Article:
Exhibition at the Portland Art Museum until January 16, 2022
PORTLAND, Ore. (KOIN) – There is one thing Queen Nefertari could do 3,300 years ago that you probably can’t do today: She could read and write hieroglyphics.
She used these skills to help the Pharaoh in his diplomatic work. Even though ancient Egyptian society was rigid in its class levels, women participated in everything: fields, courtrooms, temples, palaces.
Until January 16, 2022, the Portland Art Museum is hosting an exhibition titled The Egypt of Queen Nefertari. The exhibition “explores the role of women in religion, life in the royal women’s house and their beauty and adornment rituals,” officials said, including a glimpse into their notions of beauty with bronze mirrors , cosmetic powders and ointments.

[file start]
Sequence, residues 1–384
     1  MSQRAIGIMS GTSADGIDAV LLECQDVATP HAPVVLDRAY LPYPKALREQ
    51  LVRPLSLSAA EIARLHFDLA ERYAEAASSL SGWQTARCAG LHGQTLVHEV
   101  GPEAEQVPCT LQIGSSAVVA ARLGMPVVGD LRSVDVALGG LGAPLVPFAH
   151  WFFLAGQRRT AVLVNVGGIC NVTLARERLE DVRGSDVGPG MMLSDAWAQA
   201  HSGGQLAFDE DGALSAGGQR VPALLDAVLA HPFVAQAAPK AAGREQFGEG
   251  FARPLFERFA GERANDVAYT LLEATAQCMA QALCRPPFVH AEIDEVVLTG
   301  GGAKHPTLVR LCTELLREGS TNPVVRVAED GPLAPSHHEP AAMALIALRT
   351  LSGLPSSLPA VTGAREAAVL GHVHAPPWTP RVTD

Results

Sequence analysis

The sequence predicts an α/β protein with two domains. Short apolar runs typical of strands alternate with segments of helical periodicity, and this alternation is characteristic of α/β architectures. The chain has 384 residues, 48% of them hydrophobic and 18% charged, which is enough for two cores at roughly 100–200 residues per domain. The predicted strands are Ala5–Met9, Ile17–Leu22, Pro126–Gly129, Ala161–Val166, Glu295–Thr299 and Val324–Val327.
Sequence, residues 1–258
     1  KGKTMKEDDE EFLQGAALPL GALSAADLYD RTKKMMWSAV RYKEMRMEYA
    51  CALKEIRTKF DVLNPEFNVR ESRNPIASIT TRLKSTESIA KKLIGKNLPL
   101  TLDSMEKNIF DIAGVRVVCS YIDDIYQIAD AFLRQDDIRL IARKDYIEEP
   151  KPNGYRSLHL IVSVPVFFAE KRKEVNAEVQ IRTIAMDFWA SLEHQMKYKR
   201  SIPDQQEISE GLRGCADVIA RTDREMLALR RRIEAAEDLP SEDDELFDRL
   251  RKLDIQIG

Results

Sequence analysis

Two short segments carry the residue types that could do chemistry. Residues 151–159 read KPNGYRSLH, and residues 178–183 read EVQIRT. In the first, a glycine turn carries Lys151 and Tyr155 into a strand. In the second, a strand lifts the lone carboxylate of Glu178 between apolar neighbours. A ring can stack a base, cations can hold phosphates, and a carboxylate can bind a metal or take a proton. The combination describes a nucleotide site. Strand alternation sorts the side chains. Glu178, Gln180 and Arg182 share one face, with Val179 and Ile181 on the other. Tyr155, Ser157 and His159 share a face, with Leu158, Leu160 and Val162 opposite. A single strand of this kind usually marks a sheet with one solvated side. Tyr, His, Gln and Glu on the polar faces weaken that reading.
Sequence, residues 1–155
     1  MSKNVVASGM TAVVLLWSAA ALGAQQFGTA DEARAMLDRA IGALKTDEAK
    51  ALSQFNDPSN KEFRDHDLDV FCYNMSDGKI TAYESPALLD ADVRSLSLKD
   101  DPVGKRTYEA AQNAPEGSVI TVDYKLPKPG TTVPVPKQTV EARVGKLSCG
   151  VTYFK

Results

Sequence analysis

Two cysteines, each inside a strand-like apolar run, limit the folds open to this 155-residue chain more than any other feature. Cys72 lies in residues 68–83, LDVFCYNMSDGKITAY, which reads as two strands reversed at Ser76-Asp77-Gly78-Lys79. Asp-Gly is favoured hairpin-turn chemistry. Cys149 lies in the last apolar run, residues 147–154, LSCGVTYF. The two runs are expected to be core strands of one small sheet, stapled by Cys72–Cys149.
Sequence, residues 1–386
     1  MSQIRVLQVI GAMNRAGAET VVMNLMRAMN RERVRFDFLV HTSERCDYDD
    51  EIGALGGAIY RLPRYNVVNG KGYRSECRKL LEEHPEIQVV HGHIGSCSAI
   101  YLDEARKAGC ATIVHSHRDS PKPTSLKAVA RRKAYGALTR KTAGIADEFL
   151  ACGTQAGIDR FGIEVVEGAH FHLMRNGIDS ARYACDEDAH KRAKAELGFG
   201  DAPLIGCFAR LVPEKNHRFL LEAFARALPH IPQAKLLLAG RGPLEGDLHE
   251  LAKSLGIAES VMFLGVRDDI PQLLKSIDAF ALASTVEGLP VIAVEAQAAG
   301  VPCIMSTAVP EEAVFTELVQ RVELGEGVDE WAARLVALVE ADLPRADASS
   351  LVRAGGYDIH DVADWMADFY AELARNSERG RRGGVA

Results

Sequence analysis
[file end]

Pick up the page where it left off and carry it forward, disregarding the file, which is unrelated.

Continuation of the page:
His tomb, sometimes called the Sistine Chapel of Egypt, was rediscovered in 1904. The exhibit includes his burial chamber “with brilliantly painted scenes featuring winged gods and goddesses, animals, insects and hieroglyphics illustrating the intricate process of passing from underworld to eternal life” Portland Art Museum officials said in an outing.
The exhibition includes 220 works of art that take a look at royal life and the life of craftsmen. There are housewares, paintbrushes, draftsman’s sticks, axes, scissors, sketchbooks from ancient Egypt that combine to provide a glimpse into everyday life over 3,000 years ago.
“We are delighted to bring this incredible glimpse into the life of the ancient Egyptians to Portland through the exquisite craftsmanship of this exhibit,” said Brian Ferriso, Director and Chief Curator of the Portland Art Museum.